Budget Rhetoric Brings Heat But No Light

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The Treasury Department’s final report for Fiscal Year 2018, showing a 17 percent ($113 billion) jump in the deficit, has drawn new attention to the nation’s worsening fiscal position and injected the issue into the midterm congressional campaigns.

The sobering report has not, however, brought about a more rational or realistic discussion on solutions.

Republicans, predictably, claim the numbers show that the entire problem is on the spending side. The solution, they say, is to cut the growing cost of major entitlement programs such as Social Security, Medicare and Medicaid.

Democrats, predictably, claim the problem is caused by Republican tax cuts. The solution, they say, is to reverse some or all of those tax cuts and protect the entitlement programs.

Both sides have it half right. The major entitlement programs do pose a serious fiscal challenge, and tax cuts do make the deficit worse.

On the spending side, it is clear that Social Security, Medicare and Medicaid are driving federal spending higher each year as the population ages and the per-beneficiary cost of providing health care rises. Together, these three programs accounted for roughly two-thirds of non-interest spending growth in 2018 and that general trend is projected to continue for the indefinite future.

According to long-term budget projections by the the Congressional Budget Office (CBO), Social Security and the major health care programs will grow in cost from 10.1 percent of the economy in 2018 to 15.5 percent in 2048. To put that in the context of today’s budget, adding an extra 5.4 percent of the economy would boost federal spending by more than $1 trillion.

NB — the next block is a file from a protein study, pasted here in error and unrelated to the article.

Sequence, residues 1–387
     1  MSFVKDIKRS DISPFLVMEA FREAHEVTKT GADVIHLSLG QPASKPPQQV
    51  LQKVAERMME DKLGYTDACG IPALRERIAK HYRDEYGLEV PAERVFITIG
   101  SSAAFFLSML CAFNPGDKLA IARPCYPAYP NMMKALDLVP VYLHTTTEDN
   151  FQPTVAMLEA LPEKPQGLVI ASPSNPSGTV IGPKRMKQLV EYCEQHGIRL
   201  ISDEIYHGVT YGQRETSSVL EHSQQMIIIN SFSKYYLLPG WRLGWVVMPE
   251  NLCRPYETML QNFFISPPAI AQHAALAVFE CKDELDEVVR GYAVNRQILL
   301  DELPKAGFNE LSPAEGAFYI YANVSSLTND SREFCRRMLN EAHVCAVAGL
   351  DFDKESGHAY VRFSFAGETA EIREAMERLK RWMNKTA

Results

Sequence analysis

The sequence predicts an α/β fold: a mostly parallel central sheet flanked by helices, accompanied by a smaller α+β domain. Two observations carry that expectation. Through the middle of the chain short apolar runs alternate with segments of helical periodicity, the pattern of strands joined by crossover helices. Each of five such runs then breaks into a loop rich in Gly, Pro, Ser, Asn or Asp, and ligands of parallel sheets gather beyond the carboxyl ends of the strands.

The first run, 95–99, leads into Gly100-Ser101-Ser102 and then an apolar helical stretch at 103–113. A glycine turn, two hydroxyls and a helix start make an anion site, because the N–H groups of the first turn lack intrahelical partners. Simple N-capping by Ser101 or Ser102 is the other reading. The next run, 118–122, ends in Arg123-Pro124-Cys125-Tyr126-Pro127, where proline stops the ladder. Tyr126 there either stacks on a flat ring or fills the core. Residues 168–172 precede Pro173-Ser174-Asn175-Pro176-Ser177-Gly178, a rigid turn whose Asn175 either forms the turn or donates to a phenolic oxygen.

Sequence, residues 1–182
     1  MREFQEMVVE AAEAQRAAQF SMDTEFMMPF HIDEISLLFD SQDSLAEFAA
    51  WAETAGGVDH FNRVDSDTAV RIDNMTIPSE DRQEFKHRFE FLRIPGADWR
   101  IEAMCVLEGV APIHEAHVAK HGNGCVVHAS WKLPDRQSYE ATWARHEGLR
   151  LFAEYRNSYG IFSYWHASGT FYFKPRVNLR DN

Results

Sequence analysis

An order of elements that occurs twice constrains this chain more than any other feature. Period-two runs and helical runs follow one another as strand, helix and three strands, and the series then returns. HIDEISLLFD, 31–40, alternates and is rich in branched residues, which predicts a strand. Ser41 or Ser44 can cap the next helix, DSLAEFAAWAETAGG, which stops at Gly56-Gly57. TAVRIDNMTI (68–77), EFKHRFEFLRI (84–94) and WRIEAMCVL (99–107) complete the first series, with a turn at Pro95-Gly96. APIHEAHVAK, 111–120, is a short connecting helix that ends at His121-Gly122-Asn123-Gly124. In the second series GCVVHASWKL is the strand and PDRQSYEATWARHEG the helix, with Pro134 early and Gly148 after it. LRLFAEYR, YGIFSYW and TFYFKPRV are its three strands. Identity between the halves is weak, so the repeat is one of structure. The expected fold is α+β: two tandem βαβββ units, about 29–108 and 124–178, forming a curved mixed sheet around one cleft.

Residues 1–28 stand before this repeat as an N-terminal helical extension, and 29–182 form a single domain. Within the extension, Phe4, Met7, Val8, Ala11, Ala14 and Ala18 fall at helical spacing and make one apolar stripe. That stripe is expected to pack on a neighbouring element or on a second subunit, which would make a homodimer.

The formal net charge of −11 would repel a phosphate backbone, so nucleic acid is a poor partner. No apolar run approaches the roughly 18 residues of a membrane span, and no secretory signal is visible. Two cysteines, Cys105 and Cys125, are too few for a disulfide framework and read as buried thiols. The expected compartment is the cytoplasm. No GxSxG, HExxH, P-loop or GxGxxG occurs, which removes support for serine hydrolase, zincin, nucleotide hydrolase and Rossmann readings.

Tax cuts did not cause this problem. It’s a matter of automatic cost growth and it threatens to crowd out all other spending priorities as more and more tax dollars every year are consumed by just these programs.

The need for entitlement reform is not, therefore, merely a partisan talking point. It is a very real problem of resource allocation.

Moreover, in the case of Social Security and the Medicare Hospital Insurance Fund (HI), promised benefits cannot be fully paid beyond the exhaustion dates of the respective trust funds. The programs’ trustees now estimate these dates as 2034 for Social Security and 2026 for Medicare HI. Again, this looming crisis has nothing to do with tax cuts.

But while tax cuts did not give rise to the need for entitlement reform, they did make a deep fiscal ditch even deeper.

Republicans have cited the $14 billion revenue increase from 2017 to 2018 as proof that the tax cuts did not lose revenues. This is a disingenuous argument. Revenue routinely goes up from year to year, particularly in a strong economy, and it usually does so by a far greater extent than the 0.4 percent increase in 2018. For example, revenue grew by 1.5 percent in Fiscal Year 2017 even though the economy was not growing as fast as it did in 2018.  

Consider that in June 2017, CBO’s baseline for Fiscal Year 2018 projected that federal revenues would total $3.5 trillion. After the tax cuts were passed, CBO lowered its 2018 revenue projection to $3.3 trillion, which turned out to be right on target. Total 2018 revenue, as shown in last week’s Treasury report, was $3.328 trillion.

Revenue in every major category was lower in 2018 than pre-tax cut projections, with the largest plunge coming in corporate income taxes — a main component of the rate reductions.

Nothing in the year-end numbers indicates that the tax cuts will pay for themselves. On the contrary, they confirm that the tax cuts will produce less revenue than would otherwise have been the case and that deficits will be higher. CBO estimates that even with positive economic feedback the tax cuts will reduce revenue from prior projections by $1.3 trillion over 10 years.

Despite the pre-election spin from party leaders, the rest of us should not be distracted from an obvious truth: Any meaningful action to keep annual deficits and total debt from rising to unsustainable levels will need to involve both entitlement spending and revenues. Until this basic political reality is accepted, we are destined to remain in a perilous game of fiscal “chicken.”

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